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Convex Inserts - How Does Convexity Help?

Daniel Butler posted this on May 7, 2020

Ostomates are familiar with this terminology. ‘Convex inserts’, to put it simply, are a popular medium of attachment of ostomy bags to the stoma region. An ostomate needs to live his or her everyday life with several accessories, appliances, and certain parameters related to the ostomy pouch (location, shape, duration, type, purpose, etc.) which varies in each ostomy case.

How is the ostomy pouch attached? How long do they stay there or how often does one need to change? What is the waste disposal or irrigation prospect of various ostomy pouches? There are innumerable queries as well as documented information on the internet serving the interests of an ostomate. A common issue faced by ostomates is leakage and irritation of the peristomal skin.

How is ostomy leakage dealt with?

Effluent leakage does not depend upon your choice of the pouch. It rather rests upon the setting up of your ostomy appliance and also the accessories used. Ostomy accessories are known to come to the rescue during leakages. The convex insert is one such important accessory. Its purpose is well elucidated in the explanation of the need for convexity for an ostomate. Convexity ensures to serve the following purposes...

• It manages flat and retracted stomas

• Deals well with irregular peristomal planes such as the ones with creases and skin folds

Why is ‘Convexity’ important? A detailed explanation...

Convexity, in case of an ostomy, takes care of leakage. Now, what causes leakage? The ideal stoma and peristomal skin position are that the former sticks out (above the skin level) with the opening right in the middle; the latter will lie flat irrespective of your position (sitting, standing or lying down)! However, this does not happen always and when the stoma and peristomal skin condition is not ideal, convexity corrects the anomaly. Suppose the stoma is not sufficiently bulging out or the skin folds are creating a constant obstacle, what convexity does in such a case?

Convexity doesn’t allow the flange to lie flat on the skin. It creates a protrusion on the inner side to put pressure on the skin surrounding the stoma (to push it in and make the stoma bulge out) in order to prevent leakage. The purposes that convexity serves, in a gist, are:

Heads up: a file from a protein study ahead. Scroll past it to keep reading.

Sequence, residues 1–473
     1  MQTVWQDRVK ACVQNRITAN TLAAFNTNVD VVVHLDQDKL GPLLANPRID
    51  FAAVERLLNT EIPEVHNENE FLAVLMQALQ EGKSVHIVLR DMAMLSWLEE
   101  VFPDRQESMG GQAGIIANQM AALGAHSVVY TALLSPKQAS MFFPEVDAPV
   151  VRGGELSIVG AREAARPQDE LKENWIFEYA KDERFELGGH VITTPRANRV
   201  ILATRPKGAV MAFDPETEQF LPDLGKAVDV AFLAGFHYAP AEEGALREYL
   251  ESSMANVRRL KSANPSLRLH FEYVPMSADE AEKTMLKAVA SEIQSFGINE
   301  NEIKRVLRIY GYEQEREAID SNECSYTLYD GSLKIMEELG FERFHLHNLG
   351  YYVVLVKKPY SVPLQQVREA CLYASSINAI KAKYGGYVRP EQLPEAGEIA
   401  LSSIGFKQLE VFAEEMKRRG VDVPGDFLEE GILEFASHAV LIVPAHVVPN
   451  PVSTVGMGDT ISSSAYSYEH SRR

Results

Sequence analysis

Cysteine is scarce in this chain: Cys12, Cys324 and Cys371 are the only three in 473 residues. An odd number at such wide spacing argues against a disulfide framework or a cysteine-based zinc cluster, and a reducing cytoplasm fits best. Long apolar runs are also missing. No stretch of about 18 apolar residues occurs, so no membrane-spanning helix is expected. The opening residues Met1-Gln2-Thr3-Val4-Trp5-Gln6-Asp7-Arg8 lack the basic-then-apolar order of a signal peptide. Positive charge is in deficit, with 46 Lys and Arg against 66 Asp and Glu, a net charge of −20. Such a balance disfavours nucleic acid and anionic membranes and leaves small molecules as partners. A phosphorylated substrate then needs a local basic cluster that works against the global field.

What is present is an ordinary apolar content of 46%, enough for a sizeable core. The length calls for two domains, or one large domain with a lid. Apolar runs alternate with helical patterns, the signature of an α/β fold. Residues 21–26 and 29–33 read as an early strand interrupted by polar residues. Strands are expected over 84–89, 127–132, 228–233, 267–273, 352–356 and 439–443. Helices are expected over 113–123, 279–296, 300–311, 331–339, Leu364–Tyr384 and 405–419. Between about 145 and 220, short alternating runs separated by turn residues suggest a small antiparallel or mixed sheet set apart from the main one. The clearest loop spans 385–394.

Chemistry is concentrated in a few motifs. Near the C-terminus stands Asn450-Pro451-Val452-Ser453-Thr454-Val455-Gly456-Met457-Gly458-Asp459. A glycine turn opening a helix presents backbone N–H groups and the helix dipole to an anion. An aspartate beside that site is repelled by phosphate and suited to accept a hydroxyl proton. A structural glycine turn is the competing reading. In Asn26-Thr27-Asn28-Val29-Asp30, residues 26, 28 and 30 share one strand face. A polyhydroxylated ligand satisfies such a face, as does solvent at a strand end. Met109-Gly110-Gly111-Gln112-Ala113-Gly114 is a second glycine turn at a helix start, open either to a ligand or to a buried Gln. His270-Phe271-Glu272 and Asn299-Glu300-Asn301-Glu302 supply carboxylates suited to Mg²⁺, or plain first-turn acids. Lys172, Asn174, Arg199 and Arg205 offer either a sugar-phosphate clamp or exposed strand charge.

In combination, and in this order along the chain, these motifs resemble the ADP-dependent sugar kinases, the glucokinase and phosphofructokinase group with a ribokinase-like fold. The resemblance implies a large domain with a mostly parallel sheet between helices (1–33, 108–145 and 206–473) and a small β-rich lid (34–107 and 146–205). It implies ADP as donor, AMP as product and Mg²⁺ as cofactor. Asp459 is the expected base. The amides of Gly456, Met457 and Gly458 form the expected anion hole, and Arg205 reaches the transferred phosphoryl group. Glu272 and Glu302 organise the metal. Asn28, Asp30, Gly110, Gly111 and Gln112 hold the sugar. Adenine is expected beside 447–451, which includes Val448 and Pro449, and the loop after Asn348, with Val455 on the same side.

1. It prevents undermining of stool or a premature leakage of the pouch
2. It also helps in cases where the stoma opening is tipped over and drains on the skin directly
3. It might help in filling craters and gullies that sometimes surround the stoma!

Types of convexity...Which would you choose?

Convex options for ostomy pouching are varied. Below are discussed the ones most commonly used:

1. Addition of a barrier ring to the back of a flange
2. ‘Inserts’ that can be added to the flange
3. A ‘built-in’ or integrated convexity included in the flange

Not only does convexity differ in types but also their degree of protrusion. They range from light to deep. The light or low-level ones are meant to make small changes like correcting little skin folds or a slightly tipping over the stoma. Medium level ones are meant to deal with stomas that are only poorly protruding or light skin creases. The deeper ones pose a maximum degree of protrusion and mostly deal with retracted stomas surrounded by gullies and gorges!

Some cons of convexity

While this feature helps deal with some major ostomy challenges, it has some facts that might not seem advantageous! Convex flanges are more costly than the flatter ones. You gain only if the wear-time is longer. Barrier rings add to costs and it’s often wise to go for ‘integrated convexity’ than adding a ring to a flat system!

Traditionally (before the early 80s to be precise), irregular body contours used to be managed by the use of pastes, rings, medical adhesives, and belts. Post this period, product manufacturers designed convex skin barriers for the one-piece and two-piece pouching systems.

There is no set standard with respect to the depth, firmness, flexibility, and other attributes of convex strips. This happens to be a loophole in the evolution of these accessories. It all depends upon the skill and knowledge of the clinician who is left to match the stomal protrusion or peristomal contours with the appropriate barrier.

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